Have you spoken to any linguists? This is an excellent question for a linguist! If you deconstruct the words and take a look at form meaning relationships, what we see is different distributions; these words are not interchangeable. If they were, then “the dancers motions on stage were graceful and majestic” would mean _exactly_ the same thing as “the dancers movements on stage were graceful and majestic”. Similarly, you certainly could not say that the plane is “in movement” as it flies you somewhere, but it can be, “in motion”.

    The problem with these two words is that people often mistake one for the other. For example, you might hear someone say, “the movement of the gears makes the belt move and keeps the assembly line going.” But this person most certainly means that the “motion” of the gears is what moves the belt. Timmy almost has it with the clock analogy. BOTH the second hand AND the hour hand display movement, though one slower than the other (obviously). Their movement is a result of motion. The motion is the process underlying the observable physical shift. So the motion set in place by the quarts mechanism or the gears (depending on if you have a “real” watch or not, hehehe) is what creates and displays movement.

    That said, I’m a linguist, not a grammarian. I would never say someone is wrong for using ‘movement’ when they might really have meant ‘motion’ because language is dynamic and it’s a social tool. Consider how when you are navigating, you typically tell your driver to “go straight”, but chances are you actually mean “go forward”. In terms of everyday language use, saying “go straight” is considered a grammatical, or a successful, communication of ideas. Consider the non-linguistic ramifications of being that person who says, “you mean I should go forward, right”? Are you thinking of a highly intelligent but slightly socially awkward science-minded person? Or a “stickler”? I am! There’s nothing wrong with mixing up the two terms, but for sure they have different meanings when this precision is vital to a successful communication. How and when they are used every day helps create linguistic change and meaning modulation, so that’s certainly not a bad thing.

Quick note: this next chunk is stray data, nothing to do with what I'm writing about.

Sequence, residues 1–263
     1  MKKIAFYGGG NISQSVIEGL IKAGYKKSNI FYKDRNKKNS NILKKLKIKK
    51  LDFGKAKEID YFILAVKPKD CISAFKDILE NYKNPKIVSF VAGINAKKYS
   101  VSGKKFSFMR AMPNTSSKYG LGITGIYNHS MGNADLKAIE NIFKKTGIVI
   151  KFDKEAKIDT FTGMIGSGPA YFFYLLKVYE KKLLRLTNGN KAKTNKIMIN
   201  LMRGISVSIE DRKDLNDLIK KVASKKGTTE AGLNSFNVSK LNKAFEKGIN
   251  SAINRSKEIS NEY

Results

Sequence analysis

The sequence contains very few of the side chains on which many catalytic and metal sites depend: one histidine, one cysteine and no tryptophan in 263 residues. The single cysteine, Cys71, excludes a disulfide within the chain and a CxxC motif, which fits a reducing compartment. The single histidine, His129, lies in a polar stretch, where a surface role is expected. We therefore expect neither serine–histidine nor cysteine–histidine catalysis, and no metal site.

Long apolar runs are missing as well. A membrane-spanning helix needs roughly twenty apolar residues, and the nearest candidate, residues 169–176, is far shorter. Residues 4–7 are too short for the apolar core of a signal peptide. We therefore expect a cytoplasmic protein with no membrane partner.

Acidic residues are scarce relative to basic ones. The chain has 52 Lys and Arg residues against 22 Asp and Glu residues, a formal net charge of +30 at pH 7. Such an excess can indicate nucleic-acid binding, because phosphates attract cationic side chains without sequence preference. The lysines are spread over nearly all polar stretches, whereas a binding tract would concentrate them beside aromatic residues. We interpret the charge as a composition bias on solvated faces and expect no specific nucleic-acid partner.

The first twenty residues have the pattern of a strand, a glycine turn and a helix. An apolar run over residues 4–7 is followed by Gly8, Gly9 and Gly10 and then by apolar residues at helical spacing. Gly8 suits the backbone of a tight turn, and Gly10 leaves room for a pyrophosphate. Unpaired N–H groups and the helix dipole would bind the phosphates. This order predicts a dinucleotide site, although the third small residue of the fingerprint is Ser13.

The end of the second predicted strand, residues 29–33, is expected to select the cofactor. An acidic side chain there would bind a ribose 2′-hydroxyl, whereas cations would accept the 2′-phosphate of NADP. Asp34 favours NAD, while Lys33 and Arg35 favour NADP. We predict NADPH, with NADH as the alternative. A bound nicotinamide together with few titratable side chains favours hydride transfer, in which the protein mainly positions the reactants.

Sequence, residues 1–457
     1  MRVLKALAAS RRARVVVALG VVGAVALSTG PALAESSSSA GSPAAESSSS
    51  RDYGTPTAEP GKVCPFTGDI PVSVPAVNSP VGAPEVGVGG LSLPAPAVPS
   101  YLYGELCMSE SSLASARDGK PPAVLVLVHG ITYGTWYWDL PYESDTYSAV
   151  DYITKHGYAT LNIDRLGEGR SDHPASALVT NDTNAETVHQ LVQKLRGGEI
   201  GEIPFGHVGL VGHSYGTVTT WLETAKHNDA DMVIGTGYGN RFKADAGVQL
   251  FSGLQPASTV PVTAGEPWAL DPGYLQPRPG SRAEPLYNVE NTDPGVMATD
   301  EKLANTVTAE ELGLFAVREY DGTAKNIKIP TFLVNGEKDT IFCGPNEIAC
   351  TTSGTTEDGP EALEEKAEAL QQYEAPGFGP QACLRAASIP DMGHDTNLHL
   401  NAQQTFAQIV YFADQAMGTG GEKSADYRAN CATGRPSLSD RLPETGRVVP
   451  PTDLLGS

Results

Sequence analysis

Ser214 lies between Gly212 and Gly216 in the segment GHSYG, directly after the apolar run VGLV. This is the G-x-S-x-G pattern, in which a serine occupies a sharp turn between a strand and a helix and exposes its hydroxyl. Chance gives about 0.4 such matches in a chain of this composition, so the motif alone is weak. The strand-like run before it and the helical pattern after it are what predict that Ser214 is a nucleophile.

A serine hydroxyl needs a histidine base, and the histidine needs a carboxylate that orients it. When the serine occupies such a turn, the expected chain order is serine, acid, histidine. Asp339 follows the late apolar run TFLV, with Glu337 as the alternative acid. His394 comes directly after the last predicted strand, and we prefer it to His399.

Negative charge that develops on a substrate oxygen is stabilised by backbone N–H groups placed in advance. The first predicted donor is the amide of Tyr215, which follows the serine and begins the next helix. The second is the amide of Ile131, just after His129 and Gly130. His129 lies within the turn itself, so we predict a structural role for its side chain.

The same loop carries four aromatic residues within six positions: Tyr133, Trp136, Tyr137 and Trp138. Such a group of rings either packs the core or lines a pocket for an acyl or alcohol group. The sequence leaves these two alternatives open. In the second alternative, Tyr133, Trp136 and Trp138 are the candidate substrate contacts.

Simply put, motion is a process or the action, whereas movement is a physical embodiment of that process. Note I said “simply” too because there’s actually a lot more to talk about here 🙂

  9. Dear Elle, your reply is most timely and useful. And thank you Arj for your research. I am translating some rather cosmic text into english. As in norwegian there is only one word to express movement. Considering my usage is mostly within quantum realms motions often fits better. movement sounds to me like something more established, while motion feels more like the force, the power behind. My understanding is purely intuitive. Nevertheless i find this terms mind-bending.
    I am not english ..but indeed its hard to find britons who understand the difference. we need more linguists like Elle and we will get there eventually.